Chrometype synths and shimmering effects morph with rumbling drums as nimble percussion flitters in and out of these giant sounds cracking from the speakers during the recent set by Sanjonas at DeCommune. The Indonesian artist was in town to bring his personal spin on deconstructed club music to the people of Bangkok as part of a mini-tour around Southeast Asia promoting his new EP, Incunabula Heroes.
Sanjonas’s sound is a mutation of regionless internet music designed for the club, one befitting the name of the record label that released the project and invited him here, POSTWORLD. It’s a style incubated on digital platforms and embraced by people all over the world, but one that’s designed to be experienced on the dancefloor and played over big ass speakers. He was largely inspired by the Chinese brand of experimental club music supported by a network of nightclubs across the country’s major cities. “Internet music culture is unbiased right now, we can be anything we want,” he says, explaining the draw of this style of music. But that wealth of information can be overwhelming, and it’s a feeling reflected in the nervous, angsty edge that his music emotes.
Rather than make music that’s totally detached from the real world or mimic other global sounds already established within the scene, Sanjonas wanted to bring something new and personal to the table with Heroes. The deft and agile percussive element that runs along underneath his big, shiny productions is based on sounds from the soreng dance that he grew up with in his hometown of Magelang, just outside of Yogyakarta. “It’s really close to me, I was always listening to it in the mountains during harvest season when I was growing up.” He says that while it’s always been present throughout his childhood, he gained a new appreciation for it when exploring his identity through music. It’s a very subtle touch that many of his listeners overlook for now, but he plans to bring it to the forefront in upcoming projects.
That idea of home is central to music for Sanjonas, and he’s put a lot of work into building a community around it in Yogyakarta, where he’s based now. “After the pandemic, a lot of people were leaving the city for Bali, so it was like starting from zero again,” he says of his efforts to rebuild what had been lost. In 2019 he started a collective called Post Party Syndroma that documented local music culture, and it continued to draw a lot of people into his circle during the pandemic. When the lockdowns came to an end, he started throwing events again and the fresh crowds ventured out of their rooms into public to be a part of it. “We call the party Introvert Club,” he laughs. “Everyone is new to the party scene, so we need to do a lot of education about different genres and sounds.” But it’s proving successful and he says they draw crowds of 200-300 people to a party, mainly students and young people since Yogya is a university town.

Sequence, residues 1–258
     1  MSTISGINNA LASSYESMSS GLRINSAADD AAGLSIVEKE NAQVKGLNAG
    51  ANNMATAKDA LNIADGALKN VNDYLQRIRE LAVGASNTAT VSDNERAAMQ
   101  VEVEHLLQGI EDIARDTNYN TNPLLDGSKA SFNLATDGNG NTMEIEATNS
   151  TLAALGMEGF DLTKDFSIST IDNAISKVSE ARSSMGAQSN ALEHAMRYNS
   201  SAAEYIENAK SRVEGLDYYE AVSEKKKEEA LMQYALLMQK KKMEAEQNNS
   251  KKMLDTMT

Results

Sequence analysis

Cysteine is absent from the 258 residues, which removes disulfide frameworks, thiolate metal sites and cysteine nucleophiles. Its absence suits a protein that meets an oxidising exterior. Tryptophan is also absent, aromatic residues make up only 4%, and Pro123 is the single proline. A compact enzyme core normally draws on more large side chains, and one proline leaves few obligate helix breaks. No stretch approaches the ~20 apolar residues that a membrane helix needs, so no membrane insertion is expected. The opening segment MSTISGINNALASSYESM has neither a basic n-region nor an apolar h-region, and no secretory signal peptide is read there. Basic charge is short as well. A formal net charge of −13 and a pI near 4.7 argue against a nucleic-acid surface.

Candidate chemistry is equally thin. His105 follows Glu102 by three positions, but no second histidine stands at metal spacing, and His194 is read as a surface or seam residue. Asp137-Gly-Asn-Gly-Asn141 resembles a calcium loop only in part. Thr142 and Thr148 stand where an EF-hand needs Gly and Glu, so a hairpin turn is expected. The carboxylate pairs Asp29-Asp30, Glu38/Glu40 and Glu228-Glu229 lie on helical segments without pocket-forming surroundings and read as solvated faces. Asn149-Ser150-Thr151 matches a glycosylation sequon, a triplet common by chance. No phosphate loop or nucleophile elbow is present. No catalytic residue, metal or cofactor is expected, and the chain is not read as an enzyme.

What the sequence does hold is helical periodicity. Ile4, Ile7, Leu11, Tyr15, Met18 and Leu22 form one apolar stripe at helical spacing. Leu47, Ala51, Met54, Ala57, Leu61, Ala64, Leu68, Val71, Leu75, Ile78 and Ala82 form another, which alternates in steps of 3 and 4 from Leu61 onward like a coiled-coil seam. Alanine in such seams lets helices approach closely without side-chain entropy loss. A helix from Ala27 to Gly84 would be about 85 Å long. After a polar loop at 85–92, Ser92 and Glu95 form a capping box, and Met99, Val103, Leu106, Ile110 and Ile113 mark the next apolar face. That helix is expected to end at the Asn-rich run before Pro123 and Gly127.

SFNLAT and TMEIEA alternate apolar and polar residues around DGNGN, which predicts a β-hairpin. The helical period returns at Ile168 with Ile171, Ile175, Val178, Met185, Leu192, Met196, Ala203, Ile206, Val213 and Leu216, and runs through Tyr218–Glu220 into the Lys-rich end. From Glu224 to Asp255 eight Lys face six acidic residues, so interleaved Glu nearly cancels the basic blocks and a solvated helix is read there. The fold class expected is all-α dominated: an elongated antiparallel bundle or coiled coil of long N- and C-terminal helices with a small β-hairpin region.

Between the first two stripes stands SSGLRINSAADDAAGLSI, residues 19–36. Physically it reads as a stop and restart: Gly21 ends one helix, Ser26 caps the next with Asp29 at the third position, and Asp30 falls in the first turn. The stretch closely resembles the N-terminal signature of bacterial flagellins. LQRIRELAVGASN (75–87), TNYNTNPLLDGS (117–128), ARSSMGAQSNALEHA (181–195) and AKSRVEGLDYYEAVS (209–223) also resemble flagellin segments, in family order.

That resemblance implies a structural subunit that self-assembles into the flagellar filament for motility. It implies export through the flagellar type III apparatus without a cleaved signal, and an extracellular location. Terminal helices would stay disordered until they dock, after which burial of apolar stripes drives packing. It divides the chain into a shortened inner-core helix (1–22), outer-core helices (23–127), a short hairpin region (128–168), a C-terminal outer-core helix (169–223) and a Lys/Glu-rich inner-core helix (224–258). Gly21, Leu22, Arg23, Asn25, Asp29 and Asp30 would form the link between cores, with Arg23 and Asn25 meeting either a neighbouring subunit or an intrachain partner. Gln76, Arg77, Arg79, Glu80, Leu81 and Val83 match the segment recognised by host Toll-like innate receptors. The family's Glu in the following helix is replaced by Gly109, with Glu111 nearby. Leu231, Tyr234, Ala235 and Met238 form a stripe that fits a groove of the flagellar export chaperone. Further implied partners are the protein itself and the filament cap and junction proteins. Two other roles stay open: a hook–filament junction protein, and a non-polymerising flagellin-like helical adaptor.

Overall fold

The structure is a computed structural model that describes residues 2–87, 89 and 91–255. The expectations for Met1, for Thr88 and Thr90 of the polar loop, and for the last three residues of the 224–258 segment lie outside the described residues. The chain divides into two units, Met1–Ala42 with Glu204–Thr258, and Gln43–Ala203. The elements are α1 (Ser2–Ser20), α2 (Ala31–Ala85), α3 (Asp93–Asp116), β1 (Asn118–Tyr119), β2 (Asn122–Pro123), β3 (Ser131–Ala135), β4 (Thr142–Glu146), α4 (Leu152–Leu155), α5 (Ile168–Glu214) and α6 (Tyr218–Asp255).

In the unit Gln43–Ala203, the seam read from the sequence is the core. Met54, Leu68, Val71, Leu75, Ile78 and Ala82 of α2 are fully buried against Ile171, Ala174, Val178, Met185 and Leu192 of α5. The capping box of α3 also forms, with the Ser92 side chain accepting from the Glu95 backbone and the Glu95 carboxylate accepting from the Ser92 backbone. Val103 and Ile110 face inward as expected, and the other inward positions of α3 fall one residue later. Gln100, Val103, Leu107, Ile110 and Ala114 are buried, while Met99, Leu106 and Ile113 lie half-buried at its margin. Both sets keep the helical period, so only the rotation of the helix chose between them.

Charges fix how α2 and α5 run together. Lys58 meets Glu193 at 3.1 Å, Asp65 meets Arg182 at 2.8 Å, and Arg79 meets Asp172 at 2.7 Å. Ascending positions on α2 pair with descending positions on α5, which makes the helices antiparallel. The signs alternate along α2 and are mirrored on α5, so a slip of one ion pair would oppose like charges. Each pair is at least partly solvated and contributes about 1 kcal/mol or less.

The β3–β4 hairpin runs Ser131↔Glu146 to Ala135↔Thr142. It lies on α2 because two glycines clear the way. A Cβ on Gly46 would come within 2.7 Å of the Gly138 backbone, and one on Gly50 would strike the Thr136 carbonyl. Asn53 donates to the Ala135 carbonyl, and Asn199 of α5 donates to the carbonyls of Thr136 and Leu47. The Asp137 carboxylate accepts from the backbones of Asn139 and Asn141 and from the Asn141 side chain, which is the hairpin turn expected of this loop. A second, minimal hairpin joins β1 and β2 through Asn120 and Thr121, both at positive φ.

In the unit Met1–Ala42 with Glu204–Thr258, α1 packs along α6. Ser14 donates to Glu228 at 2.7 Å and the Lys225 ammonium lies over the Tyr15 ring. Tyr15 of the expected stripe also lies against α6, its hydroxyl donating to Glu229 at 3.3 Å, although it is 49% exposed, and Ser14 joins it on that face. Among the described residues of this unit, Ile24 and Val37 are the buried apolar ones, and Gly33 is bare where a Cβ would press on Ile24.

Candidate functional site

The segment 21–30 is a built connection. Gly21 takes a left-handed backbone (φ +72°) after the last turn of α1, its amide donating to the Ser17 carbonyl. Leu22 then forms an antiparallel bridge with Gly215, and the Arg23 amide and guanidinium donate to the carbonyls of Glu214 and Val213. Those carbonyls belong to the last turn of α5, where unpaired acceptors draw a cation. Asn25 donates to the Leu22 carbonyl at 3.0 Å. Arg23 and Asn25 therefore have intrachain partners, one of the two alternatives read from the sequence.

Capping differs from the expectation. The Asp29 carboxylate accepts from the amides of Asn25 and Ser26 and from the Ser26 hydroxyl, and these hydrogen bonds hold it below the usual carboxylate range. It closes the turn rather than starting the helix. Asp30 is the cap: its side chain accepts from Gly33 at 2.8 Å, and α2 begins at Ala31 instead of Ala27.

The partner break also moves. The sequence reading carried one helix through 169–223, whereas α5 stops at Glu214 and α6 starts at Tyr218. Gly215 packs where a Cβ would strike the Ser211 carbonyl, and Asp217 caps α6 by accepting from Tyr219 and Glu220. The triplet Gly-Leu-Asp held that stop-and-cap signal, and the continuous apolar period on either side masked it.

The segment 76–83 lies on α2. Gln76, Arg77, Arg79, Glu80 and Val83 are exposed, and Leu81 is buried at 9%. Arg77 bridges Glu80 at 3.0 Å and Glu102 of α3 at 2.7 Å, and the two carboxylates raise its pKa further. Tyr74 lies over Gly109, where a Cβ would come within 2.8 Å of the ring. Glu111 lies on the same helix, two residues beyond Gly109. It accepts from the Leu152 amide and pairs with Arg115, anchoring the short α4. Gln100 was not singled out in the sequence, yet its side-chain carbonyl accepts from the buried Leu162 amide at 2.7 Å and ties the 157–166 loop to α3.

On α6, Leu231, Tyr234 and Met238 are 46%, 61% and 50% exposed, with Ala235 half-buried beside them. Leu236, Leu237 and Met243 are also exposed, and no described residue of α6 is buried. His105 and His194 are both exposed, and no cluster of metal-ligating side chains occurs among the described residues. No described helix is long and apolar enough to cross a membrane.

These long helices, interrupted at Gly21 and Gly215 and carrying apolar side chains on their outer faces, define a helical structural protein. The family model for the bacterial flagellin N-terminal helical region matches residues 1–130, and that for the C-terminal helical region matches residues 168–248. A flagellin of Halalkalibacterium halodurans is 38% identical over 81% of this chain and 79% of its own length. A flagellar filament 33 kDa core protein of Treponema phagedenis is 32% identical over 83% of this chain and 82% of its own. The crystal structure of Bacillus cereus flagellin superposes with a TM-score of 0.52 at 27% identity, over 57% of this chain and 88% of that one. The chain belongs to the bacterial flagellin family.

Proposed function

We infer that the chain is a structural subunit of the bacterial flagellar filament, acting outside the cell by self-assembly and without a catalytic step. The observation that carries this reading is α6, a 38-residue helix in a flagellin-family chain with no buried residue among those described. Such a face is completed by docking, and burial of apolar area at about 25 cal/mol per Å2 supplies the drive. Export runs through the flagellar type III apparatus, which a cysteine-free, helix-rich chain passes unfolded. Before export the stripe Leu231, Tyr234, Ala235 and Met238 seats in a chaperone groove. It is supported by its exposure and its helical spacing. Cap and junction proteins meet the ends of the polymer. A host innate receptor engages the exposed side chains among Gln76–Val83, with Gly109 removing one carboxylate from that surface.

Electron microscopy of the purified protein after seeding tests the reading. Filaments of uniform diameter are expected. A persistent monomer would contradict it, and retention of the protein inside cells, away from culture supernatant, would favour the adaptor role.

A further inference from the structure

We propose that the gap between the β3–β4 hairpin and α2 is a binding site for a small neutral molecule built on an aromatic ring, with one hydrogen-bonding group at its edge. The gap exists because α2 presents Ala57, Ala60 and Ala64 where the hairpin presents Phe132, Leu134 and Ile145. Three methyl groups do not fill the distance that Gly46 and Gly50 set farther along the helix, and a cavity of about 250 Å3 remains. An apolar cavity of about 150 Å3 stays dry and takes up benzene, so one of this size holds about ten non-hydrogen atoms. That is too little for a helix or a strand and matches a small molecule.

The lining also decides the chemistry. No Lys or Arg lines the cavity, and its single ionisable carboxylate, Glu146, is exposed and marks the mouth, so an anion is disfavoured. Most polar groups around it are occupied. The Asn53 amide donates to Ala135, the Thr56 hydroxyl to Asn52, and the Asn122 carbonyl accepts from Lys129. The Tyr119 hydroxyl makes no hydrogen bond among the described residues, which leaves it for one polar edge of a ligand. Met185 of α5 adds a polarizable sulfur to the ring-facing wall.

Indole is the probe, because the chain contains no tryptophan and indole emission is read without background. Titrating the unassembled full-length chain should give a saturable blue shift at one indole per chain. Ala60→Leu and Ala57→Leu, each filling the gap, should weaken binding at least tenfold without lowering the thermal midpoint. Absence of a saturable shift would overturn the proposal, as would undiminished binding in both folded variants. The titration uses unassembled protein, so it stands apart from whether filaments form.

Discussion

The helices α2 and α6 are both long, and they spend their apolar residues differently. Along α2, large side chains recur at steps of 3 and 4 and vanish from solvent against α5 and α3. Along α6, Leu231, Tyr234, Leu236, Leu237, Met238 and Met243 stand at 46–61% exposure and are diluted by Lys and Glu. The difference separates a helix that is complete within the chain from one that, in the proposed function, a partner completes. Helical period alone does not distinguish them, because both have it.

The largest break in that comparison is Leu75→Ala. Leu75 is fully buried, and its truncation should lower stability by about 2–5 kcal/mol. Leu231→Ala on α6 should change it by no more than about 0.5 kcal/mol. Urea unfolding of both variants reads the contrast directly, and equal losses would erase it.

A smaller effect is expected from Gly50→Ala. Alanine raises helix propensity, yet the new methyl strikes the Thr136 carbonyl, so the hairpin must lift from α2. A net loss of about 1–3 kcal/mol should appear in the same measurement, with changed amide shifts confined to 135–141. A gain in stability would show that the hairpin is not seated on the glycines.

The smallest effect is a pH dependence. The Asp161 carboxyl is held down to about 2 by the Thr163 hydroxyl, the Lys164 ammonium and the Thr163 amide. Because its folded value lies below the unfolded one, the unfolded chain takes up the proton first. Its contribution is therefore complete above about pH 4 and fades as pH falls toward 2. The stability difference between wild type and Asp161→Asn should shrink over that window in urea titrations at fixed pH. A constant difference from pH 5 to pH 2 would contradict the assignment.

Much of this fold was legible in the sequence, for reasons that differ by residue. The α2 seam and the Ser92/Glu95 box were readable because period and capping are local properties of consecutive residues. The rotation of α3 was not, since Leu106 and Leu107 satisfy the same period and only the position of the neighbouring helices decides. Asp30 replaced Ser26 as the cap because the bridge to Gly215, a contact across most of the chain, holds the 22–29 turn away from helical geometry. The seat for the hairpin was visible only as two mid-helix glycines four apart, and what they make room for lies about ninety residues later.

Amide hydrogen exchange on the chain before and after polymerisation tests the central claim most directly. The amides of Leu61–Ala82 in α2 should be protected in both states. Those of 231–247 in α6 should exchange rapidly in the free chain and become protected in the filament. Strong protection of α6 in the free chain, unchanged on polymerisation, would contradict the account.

Sanjonas says the international crowds he’s played for during this tour are a new experience because Yogyakarta has strict immigration rules, where international DJs need a work permit to play—even if there’s no money involved. He learned this the hard way when he met personalbrand, the British founder of POSTWORLD: “We had him play at our party. I published the flyer at night and then in the morning immigration called me and threatened me with fines. It’s crazy.” Now he says they call him anytime there’s an international artist playing in the city. “I think they blacklisted me! I’m the only one having problems. Every time, they’re calling me in the morning. I’m like, ‘No, it’s not my party!'”
This is the second time Sanjonas has visited Bangkok; the first time was during another mini tour for an artist residency. “It was a very different experience, tours around the region used to be all art, art, art.” This time he played at Arcan in Saigon and Endless Return in Singapore, and he hopes to visit Kuala Lumpur for Chrysanthemum. “In Yogya we don’t have proper clubs that support other genres, so I think it’s really nice that all these clubs exist. This is really new to the region and now we need something like this at home.” Although the music crowds are made up of some different people than the art scene, he said the reception is very much the same in each city. “Everyone is very welcoming and curious about what I’m doing and what’s out there. There’s a lot of potential in Southeast Asia right now.”